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To: TheBattman
The Bible is clear that Hell is for the unjust.

The "hell" of the Apostles' Creed is Sheol, the abode of the righteous dead before Christ's coming. It's not the hell of the damned and the fallen angels.

The Latin -- the Apostles' Creed is originally the Roman baptismal creed -- makes this clear. It says that Christ descended ad infernum -- "to the depths" or "to the lower regions". No implication that he went to save the damned.

Aquinas had nothing to do with the "selling" of indulgences.

There's no Protestant seminary on earth that will give you a fair and unbiased view of Catholicism, just like there's no GM dealership that will give you a fair and unbiased view of Fords or Toyotas.

7 posted on 01/28/2009 7:48:05 AM PST by Campion
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To: Campion

Aquinas did, in fact, endorse the selling of indulgences. IN fact, his own writings (look them up - they are available fairly easily) demonstrate not only an endorsement of the practice, but expended the doctrine to recognize indulgences as effective not only for the living, but for the dead...

So, by his dogma, you could actually “buy” indulgences for your dead father or brother - and shorten their time in Purgatory...

Catholic historians have done much to rewrite history. This isn’t just from a “Protestant” view. A simple study of the remaining writings of early church fathers through current day will demonstrate an historical record (official from the Church) that does not necessarily reflect the reality.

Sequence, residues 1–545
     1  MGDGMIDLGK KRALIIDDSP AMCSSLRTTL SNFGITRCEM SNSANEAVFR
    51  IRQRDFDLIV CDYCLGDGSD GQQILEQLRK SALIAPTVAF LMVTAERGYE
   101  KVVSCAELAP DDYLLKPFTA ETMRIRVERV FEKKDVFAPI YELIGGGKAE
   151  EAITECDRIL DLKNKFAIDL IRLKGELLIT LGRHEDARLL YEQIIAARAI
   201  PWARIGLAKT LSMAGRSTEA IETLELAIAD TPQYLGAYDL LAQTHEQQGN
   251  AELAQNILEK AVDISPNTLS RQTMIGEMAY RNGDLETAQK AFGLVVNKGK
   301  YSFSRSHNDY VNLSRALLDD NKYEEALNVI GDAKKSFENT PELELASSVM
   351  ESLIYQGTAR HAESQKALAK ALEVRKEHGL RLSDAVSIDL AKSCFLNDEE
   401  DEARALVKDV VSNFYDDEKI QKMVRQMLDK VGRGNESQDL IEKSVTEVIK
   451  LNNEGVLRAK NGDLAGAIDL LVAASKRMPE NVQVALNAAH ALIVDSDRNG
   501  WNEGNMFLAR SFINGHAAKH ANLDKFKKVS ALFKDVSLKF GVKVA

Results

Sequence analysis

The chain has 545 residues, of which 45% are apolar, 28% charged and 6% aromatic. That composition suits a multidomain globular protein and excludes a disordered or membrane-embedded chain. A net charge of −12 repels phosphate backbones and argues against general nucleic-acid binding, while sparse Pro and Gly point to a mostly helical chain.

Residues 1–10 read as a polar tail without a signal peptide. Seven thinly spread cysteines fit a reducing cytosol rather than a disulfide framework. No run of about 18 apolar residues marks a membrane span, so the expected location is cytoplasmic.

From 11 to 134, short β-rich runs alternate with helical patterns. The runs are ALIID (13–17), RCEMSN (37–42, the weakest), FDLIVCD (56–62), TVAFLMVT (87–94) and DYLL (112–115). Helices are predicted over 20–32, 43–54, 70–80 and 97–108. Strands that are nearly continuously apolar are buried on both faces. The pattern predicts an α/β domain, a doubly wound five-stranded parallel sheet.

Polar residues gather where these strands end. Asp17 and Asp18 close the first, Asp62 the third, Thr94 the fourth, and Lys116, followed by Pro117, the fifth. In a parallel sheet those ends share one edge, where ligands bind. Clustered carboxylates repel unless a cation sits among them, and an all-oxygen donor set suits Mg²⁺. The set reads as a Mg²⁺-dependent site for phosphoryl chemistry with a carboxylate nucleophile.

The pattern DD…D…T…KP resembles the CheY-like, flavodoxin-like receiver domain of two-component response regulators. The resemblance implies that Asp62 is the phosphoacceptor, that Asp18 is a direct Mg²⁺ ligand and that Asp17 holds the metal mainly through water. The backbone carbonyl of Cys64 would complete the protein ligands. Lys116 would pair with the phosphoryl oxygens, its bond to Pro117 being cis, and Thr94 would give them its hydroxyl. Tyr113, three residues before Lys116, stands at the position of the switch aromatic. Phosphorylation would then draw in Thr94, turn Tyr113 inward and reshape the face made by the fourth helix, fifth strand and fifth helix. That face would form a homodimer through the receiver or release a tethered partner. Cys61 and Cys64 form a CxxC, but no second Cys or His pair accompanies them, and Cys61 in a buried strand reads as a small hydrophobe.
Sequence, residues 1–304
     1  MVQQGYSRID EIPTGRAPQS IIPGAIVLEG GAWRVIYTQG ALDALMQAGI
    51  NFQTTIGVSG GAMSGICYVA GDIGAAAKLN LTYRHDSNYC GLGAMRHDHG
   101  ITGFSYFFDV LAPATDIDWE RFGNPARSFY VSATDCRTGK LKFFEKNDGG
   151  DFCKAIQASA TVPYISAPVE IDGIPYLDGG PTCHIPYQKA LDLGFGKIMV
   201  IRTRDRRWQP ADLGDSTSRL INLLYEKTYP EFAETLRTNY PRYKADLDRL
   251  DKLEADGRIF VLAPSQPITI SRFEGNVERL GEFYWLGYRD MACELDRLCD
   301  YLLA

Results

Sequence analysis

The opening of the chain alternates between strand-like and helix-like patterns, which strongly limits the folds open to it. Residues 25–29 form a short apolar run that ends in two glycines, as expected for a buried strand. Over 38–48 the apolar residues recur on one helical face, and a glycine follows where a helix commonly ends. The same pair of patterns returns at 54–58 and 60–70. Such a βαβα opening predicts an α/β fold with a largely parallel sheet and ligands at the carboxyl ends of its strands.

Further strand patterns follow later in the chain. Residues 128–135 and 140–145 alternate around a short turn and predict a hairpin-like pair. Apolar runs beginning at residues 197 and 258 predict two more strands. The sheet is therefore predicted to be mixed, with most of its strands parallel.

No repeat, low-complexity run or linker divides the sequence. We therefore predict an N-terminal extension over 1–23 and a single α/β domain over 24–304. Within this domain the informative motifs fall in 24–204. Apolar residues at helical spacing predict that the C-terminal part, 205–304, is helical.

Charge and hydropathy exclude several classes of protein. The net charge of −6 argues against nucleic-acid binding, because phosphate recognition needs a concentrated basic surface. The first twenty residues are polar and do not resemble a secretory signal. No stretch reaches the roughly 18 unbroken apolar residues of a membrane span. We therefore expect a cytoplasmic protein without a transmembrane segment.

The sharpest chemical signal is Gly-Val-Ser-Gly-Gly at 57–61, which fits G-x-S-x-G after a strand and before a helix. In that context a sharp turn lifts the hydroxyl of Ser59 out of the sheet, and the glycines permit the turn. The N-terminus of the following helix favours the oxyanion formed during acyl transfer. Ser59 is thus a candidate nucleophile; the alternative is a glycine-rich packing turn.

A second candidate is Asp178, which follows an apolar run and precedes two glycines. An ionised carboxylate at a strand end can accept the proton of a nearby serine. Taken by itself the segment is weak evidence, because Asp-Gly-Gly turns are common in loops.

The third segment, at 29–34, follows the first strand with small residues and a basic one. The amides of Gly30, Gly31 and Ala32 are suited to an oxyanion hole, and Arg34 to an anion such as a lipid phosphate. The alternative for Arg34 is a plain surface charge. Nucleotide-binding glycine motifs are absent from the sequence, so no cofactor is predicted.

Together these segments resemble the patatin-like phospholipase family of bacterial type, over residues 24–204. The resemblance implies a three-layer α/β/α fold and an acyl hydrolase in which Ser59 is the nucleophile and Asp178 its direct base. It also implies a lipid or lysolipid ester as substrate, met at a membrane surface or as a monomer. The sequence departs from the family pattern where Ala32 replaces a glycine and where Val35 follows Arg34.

Please read for yourself. Taking Catholic (or Baptist, or Methodist, or Lutheran, or any other for that matter) history or teachings without going to the source is asking to be lead astray.

As a Pastor, I strongly encourage my congregation to not just take what I preach as the “Gospel Truth”, but to go back and read and pray on sermons themselves. This is a huge part of why the Roman Church was so adamantly against common-language translations for centuries (and why early translators were excommunicated and some even burned at the stake). But Catholic History conveniently disregards that chapter in church history as well.

And don’t get me wrong - while I am “Baptist” in my faith and practice, I do not take everything I read and hear about Baptist history or any other teachings without digging in other sources. I am after truth.


9 posted on 01/28/2009 12:48:55 PM PST by TheBattman (Pray for our country....)
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